We here at The Day Law Office often see clients who have recently had loved one pass away in Hernando County and are now fearful about having to deal with the probate process. As you have delved deeper into your own estate planning, you have probably heard many experts say that probate should be avoided if possible. This advice is not necessarily due to problems with the process itself, but rather the costs associated with it. Probate expenses are paid directly from an estate's assets. Thus, an estate that you may be party to could see its value diminished from being probated.
You have likely been told more than once that the time to start your estate planning is now. One of the main reasons behind this advice is to the ensure that you retain control over who in Hernando County benefits from your estate. Typically, your beneficiaries will come directly from your pool of heirs. This might seem confusing given that like many, you may think the words "heir" and "beneficiary" are synonymous. Not only are they not, but there actually different types of heirs.
Some people in Florida believe that they don’t have enough assets to warrant the creation of a will. While some people can actually get away without any estate plan at all, the fact remains that most people should look into wills and trusts to ensure their estates are well-taken care of after they’re gone. The Huffington Post explains just what can occur if you don’t have an estate plan in place upon your demise.
It is never easy having to work your way through dealing with the death of a loved one in Hernando County. It may seem drawn out even further with the administration of his or her estate. Ideally, you and the others or she was closest to would like to have it wrapped up as quickly as possible. Of course, that is an impossibility given the slow pace of the probate process. Or is it?
While many in Hernando County may view the probate process as being extremely complex, there is likely one aspect of it that most would likely agree is fairly straightforward: For it to begin, one has to be dead. The idea of proving that someone is indeed dead may seem odd to some, but when dealing with the potential dispersal of an estate, it is a necessary step.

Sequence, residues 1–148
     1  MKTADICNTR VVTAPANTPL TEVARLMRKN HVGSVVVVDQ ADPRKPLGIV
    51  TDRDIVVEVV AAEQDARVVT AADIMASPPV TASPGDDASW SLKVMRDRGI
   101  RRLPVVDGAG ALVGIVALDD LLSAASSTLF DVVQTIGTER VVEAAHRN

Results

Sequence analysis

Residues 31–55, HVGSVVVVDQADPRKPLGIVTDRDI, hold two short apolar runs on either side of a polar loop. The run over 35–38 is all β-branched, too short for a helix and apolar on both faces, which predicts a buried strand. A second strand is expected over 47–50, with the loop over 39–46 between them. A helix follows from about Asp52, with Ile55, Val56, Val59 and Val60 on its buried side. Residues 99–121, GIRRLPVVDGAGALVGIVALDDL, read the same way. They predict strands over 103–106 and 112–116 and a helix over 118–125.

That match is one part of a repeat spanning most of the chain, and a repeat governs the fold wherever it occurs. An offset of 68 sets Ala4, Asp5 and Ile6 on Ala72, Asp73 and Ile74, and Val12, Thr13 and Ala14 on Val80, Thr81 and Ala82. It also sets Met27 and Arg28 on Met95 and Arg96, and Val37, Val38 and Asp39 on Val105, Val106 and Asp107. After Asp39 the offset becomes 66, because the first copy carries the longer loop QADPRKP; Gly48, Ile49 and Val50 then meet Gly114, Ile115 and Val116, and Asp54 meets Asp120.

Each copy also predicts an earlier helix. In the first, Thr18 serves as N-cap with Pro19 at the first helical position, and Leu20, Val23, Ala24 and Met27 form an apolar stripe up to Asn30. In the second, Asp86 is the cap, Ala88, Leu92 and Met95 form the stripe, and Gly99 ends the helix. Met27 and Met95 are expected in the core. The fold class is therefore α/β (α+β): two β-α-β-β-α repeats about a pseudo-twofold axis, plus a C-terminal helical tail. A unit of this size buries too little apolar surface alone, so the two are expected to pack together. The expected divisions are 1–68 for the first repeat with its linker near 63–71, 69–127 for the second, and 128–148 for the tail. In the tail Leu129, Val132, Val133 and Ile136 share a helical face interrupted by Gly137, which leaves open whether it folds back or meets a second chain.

You may not be able to fully understand it now, but your loved one who recently died in Hernando County may have left quite a mess for you to deal with (particularly if he or she asked you to be the personal representative for his or her estate). People are often encouraged to entrust such a responsibility to those they can trust and that they feel are capable of fulfilling the task (hence your appointment). Yet if your experience in estate matters is lacking, you may quickly feel overwhelmed. Many in your same position have come to us here at Day Law with one simple question: What do I do?
Even if you are not familiar with the estate administration process, you likely understand that there are several things that need to be done in order to prepare your loved one's estate for probate in Hernando County. As all of the necessary steps are being taken, what happens with the estate's assets? Many have come to us here at The Day Law Office concerned that not having someone monitoring estate property in the absence of a confirmed personal representative could expose it to creditor's claims and other losses. If you share the same concerns, do not worry; in such cases, the court will often appoint a probate curator.
Much of the reason why you and others in Hernando County are encouraged to see to your estate matters early on in life is to retain control over how your estate property is dispersed when you are gone. The probate court is there to help in the distribution of your estate, yet after working so hard throughout your life to accumalate assets, would you not want to have a say in who gets them? If you fail to create a will, you will not. In such a situation, the dispersal of your estate becomes subject to the state's rules regarding intestate succession.